Black People Politics : ECONOMY ASCENDING?

Discussion in 'Black People Politics' started by Kemetstry, Jan 23, 2012.

  1. Kemetstry

    Kemetstry going above and beyond PREMIUM MEMBER

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    The Detroit International Auto Show had record attendance. GM is the #1 car producer again. The state has a billion dollar surplus. Is this a sign of a growing economy? Is hiring on the upswing in your area?

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  2. MimiBelle

    MimiBelle Well-Known Member MEMBER

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    I'm a Texan.
    Hiring was never actually that bad. We never had a true recession and the housing market is relatively stable.
    Not that I'm throwing out invites.
    No...
    Far too many 'transplants' down here, already. Particularly Californians.... *laugh*

    Although, if you're a nurse or a new-grad looking to relocate?
    Texas is hiring. LVN/PN or RN.
    There are jobs down here and they will hire new grad nurses.

    In the valley, there's a need. It's by the border...but they will hire.
    In San Antonio. You'll find a job. Hit up the military bases. The state psych hospital hires. The various staffing companies are in need.
    Homehealth? You can find assignments.
    Houston as well.
    Dallas...not so sure. I hear the new-grad market's saturated.

    Too many businesses are leaving other states to set up shop down here.
    We just added a few hospitals 2 years ago, roughly....
    I know of folks who resigned from positions and picked up another w/in a month or two. They're not particularly wealthy, either.
     
  3. Kemetstry

    Kemetstry going above and beyond PREMIUM MEMBER

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    So things have never went down, down there. All that oil wealth
     
  4. Omowale Jabali

    Omowale Jabali The Cosmic Journeyman PREMIUM MEMBER

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    I lived in the Dallas area before the recession hit. Moved back to Kali in 2008. By 2009 the unemployment almost doubled from about 5 to over 9%.

    Oil/energy jobs are in areas with little black folks such as Midland and Odessa. High black unemployment in Houston and Port Arthur. Outside of hospital system Texas has a lot of low paying service sector jobs. New housing construction slowed as foreclosure rates climbed. Unemployment rates below national average but still a lot of black poverty.
     
  5. Omowale Jabali

    Omowale Jabali The Cosmic Journeyman PREMIUM MEMBER

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    The following information might help some in retirement planning and/or if you are considering relocation.

    State Sales Tax
    All states except Alaska, Delaware, Montana, New Hampshire and Oregon, collect sales taxes. Delaware collects a Gross Receipts Tax (GRT) which is a business and gross receipts tax that can total 2.07%. Some have a single rate throughout the state though most permit local city and county additions to the base tax rate. Those states with a single rate include Connecticut, District of Columbia, Indiana, Kentucky, Maine, Maryland, Massachusetts, Michigan, Mississippi, Rhode Island, and West Virginia.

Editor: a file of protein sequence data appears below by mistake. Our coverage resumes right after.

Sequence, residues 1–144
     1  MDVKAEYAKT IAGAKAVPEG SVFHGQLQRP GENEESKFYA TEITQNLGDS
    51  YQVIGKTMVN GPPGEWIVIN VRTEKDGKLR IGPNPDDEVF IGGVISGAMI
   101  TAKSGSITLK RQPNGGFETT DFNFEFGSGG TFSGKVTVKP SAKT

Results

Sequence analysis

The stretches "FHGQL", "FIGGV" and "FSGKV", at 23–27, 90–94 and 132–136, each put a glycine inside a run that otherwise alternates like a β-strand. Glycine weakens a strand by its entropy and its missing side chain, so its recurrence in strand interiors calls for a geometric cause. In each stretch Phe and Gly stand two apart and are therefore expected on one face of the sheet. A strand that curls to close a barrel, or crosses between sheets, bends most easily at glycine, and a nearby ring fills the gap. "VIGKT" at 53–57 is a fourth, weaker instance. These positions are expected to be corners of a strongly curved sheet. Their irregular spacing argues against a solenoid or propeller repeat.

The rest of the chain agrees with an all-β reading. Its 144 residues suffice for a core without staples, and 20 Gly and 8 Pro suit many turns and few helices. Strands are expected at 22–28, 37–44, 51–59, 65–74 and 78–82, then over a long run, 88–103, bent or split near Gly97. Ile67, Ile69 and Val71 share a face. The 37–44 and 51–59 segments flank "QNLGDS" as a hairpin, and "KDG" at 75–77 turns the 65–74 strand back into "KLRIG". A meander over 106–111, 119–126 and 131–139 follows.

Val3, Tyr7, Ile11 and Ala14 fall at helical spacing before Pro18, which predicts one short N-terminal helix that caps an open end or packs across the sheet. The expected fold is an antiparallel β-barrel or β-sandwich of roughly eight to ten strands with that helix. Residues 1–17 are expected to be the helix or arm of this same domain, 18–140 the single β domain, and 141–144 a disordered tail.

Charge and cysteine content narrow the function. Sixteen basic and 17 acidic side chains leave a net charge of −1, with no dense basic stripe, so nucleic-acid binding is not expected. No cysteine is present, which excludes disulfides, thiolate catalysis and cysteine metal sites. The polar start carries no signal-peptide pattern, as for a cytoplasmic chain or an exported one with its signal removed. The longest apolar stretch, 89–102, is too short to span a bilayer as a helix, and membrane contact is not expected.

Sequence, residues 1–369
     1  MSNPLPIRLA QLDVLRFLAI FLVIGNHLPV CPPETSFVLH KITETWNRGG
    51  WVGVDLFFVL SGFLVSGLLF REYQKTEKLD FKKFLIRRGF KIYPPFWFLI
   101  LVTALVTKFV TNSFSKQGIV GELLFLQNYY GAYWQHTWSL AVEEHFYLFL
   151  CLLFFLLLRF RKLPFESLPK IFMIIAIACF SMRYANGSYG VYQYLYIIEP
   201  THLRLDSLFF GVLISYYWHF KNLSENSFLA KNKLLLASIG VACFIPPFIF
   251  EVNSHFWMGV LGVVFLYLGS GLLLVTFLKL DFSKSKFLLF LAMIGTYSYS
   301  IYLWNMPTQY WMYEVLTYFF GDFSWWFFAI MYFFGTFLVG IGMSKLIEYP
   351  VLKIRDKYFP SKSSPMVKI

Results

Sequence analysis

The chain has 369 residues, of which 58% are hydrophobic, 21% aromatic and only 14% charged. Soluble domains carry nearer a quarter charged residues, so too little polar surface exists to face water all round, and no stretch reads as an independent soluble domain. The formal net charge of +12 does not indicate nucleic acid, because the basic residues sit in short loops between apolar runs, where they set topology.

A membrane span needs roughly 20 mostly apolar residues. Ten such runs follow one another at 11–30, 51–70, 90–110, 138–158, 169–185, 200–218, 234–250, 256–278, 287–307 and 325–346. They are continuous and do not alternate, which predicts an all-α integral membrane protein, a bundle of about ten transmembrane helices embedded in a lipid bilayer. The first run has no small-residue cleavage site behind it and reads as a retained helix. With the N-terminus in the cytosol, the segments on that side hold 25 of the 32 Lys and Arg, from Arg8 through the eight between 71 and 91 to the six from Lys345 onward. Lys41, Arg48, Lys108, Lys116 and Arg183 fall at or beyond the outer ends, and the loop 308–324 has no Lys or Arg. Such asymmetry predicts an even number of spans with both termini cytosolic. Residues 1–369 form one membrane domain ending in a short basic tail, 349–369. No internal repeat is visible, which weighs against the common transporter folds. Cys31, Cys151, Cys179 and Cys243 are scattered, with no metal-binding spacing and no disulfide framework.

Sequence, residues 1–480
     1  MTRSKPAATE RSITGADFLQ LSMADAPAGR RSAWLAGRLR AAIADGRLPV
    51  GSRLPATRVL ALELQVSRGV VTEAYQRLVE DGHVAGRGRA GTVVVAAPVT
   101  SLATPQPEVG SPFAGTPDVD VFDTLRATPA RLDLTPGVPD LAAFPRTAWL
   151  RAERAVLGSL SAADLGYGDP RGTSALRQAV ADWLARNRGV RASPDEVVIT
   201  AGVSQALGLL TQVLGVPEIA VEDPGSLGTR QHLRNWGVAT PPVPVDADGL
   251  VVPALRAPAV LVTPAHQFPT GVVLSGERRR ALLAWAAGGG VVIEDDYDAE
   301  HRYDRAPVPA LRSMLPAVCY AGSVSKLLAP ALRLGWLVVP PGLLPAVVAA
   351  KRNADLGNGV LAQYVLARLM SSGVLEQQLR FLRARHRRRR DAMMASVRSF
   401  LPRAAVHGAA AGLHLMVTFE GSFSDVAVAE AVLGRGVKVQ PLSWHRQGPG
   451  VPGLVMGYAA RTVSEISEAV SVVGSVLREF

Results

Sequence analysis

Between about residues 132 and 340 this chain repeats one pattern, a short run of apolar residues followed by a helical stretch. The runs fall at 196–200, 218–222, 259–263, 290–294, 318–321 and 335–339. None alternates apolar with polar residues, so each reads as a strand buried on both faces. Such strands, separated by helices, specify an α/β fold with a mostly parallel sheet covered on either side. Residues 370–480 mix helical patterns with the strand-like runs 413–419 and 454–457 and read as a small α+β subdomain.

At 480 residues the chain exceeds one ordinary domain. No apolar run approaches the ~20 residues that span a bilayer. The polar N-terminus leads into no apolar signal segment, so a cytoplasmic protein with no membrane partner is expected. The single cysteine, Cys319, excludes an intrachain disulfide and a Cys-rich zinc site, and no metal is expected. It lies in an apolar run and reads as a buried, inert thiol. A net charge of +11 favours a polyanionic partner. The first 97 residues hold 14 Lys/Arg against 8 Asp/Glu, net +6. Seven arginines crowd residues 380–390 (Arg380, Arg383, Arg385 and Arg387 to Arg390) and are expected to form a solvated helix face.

States with the highest sales tax are: California (8.25%), Indiana (7%), Mississippi (7%), New Jersey (7%), Rhode Island (7%), Tennessee (7%), Minnesota (6.875%), Nevada (6.85%), Arizona (6.6%), Washington (6.5%), Kansas (6.3%), Texas and Illinois (6.25%).

    Personal Income Tax
    A total of 41 states impose income taxes. New Hampshire and Tennessee apply it only to income from interest and dividends. Seven states (Alaska, Florida, Nevada, South Dakota, Texas, Washington, and Wyoming) do not tax personal income. Of the 41 with a broad-based income tax, 35 base the taxes on federal returns, typically taking a portion of what you pay the IRS or using your federal adjusted gross income or taxable income as the starting point.


    Many states exclude Social Security retirement benefits from state income taxes. The District of Columbia and 27 states with income taxes provide a full exclusion for Social Security benefits -- Alabama, Arizona, Arkansas, California, Delaware, Georgia, Hawaii, Idaho, Illinois, Indiana, Kentucky, Louisiana, Maine, Maryland, Massachusetts, Michigan, Mississippi, New Jersey, New York, North Carolina, Ohio, Oklahoma, Oregon, Pennsylvania, South Carolina, Virginia and Wisconsin.

    http://retirementliving.com/RLtaxes.html

    [SIZE=2][FONT=Arial][FONT=Arial][SIZE=2][SIZE=2][FONT=Arial]The state with the highest median real estate taxes is New Jersey, where more than 50% of all households pay more than $5,352 in property taxes per home. States like California, Hawaii and the District of Columbia have higher home values than New Jersey but on average collect significantly less real estate taxes per property. The state with the second highest property taxes, New Hampshire, collects a median of $3,920, or $1,432 less per home than New Jersey.[/FONT][/SIZE][/SIZE][/FONT][/FONT][/SIZE]


    • With its generous homestead exemption, Louisiana has the lowest real estate tax rate in the nation, at $1.72 per $1,000 of home value. Two states with the highest effective tax rates are Wisconsin and Texas, where rates exceed $18 per $1,000 of property value.
    • Median home values in the highest tax rate states -- Wisconsin and Texas -- are well below the national average. But the three states (including Washington, D.C.) with the most expensive homes -- California, Hawaii and the District of Columbia -- have some of the lowest property tax rates in the nation -- $4.77, $2.04 and $3.76 per $1,000 of value, respectively.
     
  6. Omowale Jabali

    Omowale Jabali The Cosmic Journeyman PREMIUM MEMBER

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    States ranked by median household income
    Median Household Income by State [1][2]


    RankState2009200820072004-2006